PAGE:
Increasingly popular in financial statements as a way to measure a company's cash flow, EBITDA has many flaws as a measurement tool and is actually quite different from cash flow, critics say.

EBITDA, which stands for "earnings before interest, taxes, depreciation and amortization," is a "fraud perpetrated on us by Wall Street—it's a joke," snorts Fred Hickey, editor of "The High-Tech Strategist," a Nashua, N.H.-based newsletter. "I don't think anyone should think about this at all. You should think about cash flow, earnings and sales; you can't just remove interest, taxes, depreciation and amortization."

EBITDA, which sounds like something Andy Kaufman's Taxi character Latka Gravas might say, can accurately measure cash flow if a company spends no money on debt interest or equipment purchases. More often, it's used as an accounting gimmick to dress up a company's financial picture to make it look rosier than it really is and deflect investor attention away from bad news, according to a report from Moody's Investors Service in New York.

While cash flow—the amount of cash left after money comes into and goes out of an organization during a certain time period—can't be gussied up to look like Cinderella at the ball, EBITDA is easy to manipulate by using "creative" accounting techniques for revenue, expenses and asset write-downs, according to the report "Putting EBITDA Into Perspective: The 10 Critical Failings of EBITDA as a Principal Determinant of Cash Flow".

Corporate filings with the Securities and Exchange Commission often include terse warnings that EBITDA doesn't mean net income, doesn't measure liquidity and isn't part of the Generally Accepted Accounting Principles.

EBITDA "creates the appearance of stronger interest coverage and lower financial leverage," says Pamela Stumpp, senior vice president of corporate finance at Moody's and lead author of the report, which was released last July. "Earnings are not cash but merely reflect the difference between revenues and expenses, which are accounting constructs. Thus, it is important to scrutinize revenue recognition policies, especially for capital-intensive start-ups."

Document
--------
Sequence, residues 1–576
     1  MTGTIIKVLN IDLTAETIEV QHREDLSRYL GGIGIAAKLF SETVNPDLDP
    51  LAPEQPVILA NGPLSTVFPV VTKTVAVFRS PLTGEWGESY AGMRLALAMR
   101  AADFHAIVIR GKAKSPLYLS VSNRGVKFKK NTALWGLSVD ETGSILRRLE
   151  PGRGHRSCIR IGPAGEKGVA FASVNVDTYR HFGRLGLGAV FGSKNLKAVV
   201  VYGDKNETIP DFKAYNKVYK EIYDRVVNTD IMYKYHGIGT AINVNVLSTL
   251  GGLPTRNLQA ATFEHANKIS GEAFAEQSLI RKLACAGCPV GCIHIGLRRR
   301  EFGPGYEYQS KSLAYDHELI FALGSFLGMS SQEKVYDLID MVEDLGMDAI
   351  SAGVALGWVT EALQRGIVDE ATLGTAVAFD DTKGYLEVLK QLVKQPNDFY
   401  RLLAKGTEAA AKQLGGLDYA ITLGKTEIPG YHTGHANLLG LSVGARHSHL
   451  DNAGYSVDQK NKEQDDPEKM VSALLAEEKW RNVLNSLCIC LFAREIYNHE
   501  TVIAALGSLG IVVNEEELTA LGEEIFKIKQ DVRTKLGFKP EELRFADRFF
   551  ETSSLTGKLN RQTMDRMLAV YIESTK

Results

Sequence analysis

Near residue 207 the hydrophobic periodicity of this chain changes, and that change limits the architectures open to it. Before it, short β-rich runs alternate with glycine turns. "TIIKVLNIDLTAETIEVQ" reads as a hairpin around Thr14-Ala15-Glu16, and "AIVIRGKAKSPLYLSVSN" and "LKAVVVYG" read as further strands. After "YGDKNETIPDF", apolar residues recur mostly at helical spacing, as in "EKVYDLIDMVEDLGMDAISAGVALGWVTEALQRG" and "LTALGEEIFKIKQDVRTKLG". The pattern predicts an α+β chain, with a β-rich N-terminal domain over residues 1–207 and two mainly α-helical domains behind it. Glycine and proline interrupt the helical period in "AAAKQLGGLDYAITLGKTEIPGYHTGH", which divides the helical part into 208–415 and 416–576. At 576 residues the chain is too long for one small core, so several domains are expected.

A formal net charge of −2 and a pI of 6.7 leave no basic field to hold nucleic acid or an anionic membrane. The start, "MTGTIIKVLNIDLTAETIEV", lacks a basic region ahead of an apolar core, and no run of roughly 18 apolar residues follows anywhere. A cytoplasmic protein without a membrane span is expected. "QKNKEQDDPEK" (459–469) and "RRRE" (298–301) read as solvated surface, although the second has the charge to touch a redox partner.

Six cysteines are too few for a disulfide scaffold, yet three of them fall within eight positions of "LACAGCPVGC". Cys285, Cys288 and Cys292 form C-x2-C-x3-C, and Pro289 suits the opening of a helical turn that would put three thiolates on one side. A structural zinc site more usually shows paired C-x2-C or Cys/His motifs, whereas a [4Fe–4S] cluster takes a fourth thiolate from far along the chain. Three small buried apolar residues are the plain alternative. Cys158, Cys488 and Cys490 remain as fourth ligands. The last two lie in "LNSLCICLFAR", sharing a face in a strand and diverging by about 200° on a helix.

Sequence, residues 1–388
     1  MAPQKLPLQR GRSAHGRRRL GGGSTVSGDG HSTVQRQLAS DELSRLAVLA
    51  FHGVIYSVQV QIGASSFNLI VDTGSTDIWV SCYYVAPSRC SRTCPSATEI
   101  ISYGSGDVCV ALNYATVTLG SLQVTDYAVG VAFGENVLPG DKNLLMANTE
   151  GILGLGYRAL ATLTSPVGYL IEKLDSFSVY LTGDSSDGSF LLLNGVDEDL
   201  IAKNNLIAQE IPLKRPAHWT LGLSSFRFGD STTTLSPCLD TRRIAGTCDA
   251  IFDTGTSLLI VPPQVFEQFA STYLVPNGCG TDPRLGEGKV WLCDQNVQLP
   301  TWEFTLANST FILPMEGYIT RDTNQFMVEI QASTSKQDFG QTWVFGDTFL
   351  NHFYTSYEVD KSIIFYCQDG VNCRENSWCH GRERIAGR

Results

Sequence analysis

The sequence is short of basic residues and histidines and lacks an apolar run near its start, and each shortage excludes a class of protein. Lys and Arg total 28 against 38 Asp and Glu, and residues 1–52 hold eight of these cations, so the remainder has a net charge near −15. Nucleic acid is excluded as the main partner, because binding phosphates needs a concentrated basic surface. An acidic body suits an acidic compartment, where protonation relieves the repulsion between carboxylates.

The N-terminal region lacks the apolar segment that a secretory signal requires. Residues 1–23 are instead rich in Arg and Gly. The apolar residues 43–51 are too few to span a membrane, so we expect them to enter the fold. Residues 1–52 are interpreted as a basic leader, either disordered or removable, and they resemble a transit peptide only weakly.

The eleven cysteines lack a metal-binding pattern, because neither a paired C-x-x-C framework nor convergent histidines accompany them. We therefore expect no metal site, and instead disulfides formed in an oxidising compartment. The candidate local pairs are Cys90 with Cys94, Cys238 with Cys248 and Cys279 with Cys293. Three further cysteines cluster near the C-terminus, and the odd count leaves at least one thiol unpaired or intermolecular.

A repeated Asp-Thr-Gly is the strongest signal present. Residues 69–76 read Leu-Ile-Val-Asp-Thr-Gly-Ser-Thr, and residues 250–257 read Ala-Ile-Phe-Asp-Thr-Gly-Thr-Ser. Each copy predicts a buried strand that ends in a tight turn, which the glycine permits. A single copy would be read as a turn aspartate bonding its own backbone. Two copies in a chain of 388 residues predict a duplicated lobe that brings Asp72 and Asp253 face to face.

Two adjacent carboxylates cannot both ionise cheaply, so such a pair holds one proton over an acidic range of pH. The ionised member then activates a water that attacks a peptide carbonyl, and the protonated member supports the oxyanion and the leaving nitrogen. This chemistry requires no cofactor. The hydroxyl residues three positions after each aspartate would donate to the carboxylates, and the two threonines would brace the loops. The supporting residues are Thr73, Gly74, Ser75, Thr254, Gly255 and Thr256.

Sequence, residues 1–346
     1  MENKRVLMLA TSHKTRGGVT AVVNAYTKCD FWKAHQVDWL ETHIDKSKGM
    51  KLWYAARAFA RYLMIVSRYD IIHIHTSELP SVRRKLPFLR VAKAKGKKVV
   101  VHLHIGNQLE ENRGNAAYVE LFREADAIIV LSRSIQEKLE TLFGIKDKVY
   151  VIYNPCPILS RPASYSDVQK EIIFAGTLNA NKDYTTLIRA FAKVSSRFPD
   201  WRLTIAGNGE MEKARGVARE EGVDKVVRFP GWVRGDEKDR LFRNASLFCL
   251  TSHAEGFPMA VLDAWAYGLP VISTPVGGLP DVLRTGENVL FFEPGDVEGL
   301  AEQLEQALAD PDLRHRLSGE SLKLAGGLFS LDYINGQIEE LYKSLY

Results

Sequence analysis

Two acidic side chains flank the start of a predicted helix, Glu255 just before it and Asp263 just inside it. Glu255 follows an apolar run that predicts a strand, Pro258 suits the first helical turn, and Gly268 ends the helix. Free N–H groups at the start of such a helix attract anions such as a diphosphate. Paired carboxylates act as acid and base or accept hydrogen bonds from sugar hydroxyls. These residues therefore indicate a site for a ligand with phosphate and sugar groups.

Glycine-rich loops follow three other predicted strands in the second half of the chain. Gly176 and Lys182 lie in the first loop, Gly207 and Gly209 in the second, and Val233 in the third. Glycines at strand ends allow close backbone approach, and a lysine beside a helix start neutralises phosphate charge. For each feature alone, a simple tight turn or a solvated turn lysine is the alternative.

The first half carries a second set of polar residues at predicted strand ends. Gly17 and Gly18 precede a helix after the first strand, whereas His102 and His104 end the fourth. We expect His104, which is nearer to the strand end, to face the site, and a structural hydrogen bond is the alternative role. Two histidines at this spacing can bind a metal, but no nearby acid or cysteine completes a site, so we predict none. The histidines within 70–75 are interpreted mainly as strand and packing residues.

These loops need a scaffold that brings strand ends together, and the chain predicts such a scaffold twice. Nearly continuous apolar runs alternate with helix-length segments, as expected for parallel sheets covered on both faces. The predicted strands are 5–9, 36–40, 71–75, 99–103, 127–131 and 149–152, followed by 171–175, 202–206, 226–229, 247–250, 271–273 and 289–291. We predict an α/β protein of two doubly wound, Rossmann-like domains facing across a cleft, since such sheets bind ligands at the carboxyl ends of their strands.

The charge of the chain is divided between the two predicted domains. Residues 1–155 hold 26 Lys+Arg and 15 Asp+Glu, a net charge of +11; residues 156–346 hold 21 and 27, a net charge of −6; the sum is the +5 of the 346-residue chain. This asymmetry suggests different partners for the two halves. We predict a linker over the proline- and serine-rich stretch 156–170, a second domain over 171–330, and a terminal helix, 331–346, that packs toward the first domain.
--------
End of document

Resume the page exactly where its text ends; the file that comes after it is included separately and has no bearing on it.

Where It Works

EBITDA is inappropriate for many industries because it ignores their unique attributes, according to Moody's. It's a poor measure of cash flow for companies undergoing a great deal of technological change or for firms that have short-lived assets (those lasting, say, three to five years) and need to keep upgrading their equipment to stay up-to-date. But it can be a valid measurement tool for organizations whose capital-intensive equipment lasts at least 20 years.


Top 10 Critical Failings Of EBITDA

1. EBITDA ignores changes in working capital and overstates cash flow in periods of working capital growth.

2. It can be a misleading measure of liquidity (quick access to cash).

3. It doesn’t consider the amount of required reinvestment—especially for companies with short-lived assets, whether it’s cable equipment or trucks.

4. It says nothing about the quality of earnings.

5. It’s an inadequate stand-alone measure for a company’s acquisition multiples.

6. It ignores distinctions in the quality of cash flow resulting from differing accounting policies — not all revenues are cash.

7. It’s not a common denominator for cross-border accounting conventions.

8. It offers limited protection when used in indenture covenants.